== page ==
"So there's a contextual thing there that seems to be absent from this particular ruling. I don't know why. And that's what a lot of people seem to be pointing to, is that you're taking the words of an artist -- in this case Mark Knopfler -- and you're taking them out of context. You're making it sound like he's throwing around these words when he's not."
That sentiment was indeed echoed around the Internet.
"I hope to add to a backlash against this lunacy," wrote Prince George, B.C., resident Rick Krehbiel in a message to The Canadian Press.
"Clearly neither the complainant nor the pandering CBSC panel understands the song, which is actually a 'spoof' of the mindset that uses (these) words. ... At some point, this mindless rush to political correctness has to be stopped."
Cross notes there are many other pop songs that could be subject to similar scrutiny, including the Tragically Hip's "Locked in the Trunk of a Car," the Who's "Who Are You" (which contains an objectionable F-bomb of a different variety) and even Jimi Hendrix's "Hey Joe," which Cross said has been targeted as encouraging violence against women, even though it's actually meant to take the opposite stance.
Muir says that there's plenty of grey area when it comes to what's acceptable on the radio.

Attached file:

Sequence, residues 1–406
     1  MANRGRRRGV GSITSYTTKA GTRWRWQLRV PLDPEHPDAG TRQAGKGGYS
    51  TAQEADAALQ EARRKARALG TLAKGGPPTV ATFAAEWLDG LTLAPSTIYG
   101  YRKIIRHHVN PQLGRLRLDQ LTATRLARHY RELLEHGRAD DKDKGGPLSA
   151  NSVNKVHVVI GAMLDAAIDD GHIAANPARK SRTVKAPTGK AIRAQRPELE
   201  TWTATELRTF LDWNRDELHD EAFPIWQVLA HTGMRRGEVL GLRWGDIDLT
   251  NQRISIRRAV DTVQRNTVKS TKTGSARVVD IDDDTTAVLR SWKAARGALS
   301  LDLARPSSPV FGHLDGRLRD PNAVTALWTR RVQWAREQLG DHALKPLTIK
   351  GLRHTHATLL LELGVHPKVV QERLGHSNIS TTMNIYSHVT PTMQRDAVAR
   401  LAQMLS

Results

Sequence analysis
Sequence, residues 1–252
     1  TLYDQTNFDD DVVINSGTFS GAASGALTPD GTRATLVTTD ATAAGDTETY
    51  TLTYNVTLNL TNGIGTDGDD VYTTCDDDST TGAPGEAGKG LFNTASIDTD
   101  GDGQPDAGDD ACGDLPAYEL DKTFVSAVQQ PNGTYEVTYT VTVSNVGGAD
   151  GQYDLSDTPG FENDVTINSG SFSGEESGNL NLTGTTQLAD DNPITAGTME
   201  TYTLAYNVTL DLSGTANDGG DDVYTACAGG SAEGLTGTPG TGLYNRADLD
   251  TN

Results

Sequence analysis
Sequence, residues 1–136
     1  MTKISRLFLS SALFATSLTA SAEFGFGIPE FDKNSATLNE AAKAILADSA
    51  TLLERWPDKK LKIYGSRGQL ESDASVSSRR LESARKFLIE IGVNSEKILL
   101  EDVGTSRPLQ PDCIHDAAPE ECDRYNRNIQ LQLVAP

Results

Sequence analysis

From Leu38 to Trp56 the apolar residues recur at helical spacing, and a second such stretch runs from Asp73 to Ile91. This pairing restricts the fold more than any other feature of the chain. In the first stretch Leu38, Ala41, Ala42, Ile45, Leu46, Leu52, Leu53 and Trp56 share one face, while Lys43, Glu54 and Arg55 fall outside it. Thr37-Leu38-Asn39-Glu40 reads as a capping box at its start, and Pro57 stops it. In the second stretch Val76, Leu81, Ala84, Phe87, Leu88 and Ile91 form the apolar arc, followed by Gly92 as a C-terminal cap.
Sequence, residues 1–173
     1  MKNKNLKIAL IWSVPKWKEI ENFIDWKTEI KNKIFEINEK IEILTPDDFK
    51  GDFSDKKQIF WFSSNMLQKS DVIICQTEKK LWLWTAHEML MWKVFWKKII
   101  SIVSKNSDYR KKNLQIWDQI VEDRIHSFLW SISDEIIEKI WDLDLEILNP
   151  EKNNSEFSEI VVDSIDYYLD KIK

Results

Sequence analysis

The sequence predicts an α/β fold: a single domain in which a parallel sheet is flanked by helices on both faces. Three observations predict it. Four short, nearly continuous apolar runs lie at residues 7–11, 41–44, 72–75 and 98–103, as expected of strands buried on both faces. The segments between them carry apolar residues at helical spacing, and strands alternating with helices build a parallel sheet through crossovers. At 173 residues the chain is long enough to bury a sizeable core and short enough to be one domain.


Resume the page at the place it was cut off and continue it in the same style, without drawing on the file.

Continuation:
"All the radio people know the songs that have offensive words in them," he said. "Most of us sit around and wait for the phone to ring and go, 'OK, when is someone going to hear that and who is going to complain about that?'
"Because we always want to play the music as it's recorded, that's what we feel we have an obligation to do. ... (But) the standards, the tolerance levels are a bit different in each city, town, province."
Muir says "Money for Nothing" remains an essential for radio playlists. In fact, he suggests that its enduring popularity is part of the reason people on both sides of the issue are so upset.
"That song is a staple in classic rock formats, absolutely," he said. "That's one of the top testing songs, that's one of the primary songs that all classic-rock stations play, all the time."
"I think it's kind one of those hot buttons. It's a favourite song that everybody likes, it represents a generational time with MTV and all of that stuff, it was a classic video, everybody remembers it. And I think everybody might just be a little oversensitive ... I think, on both sides."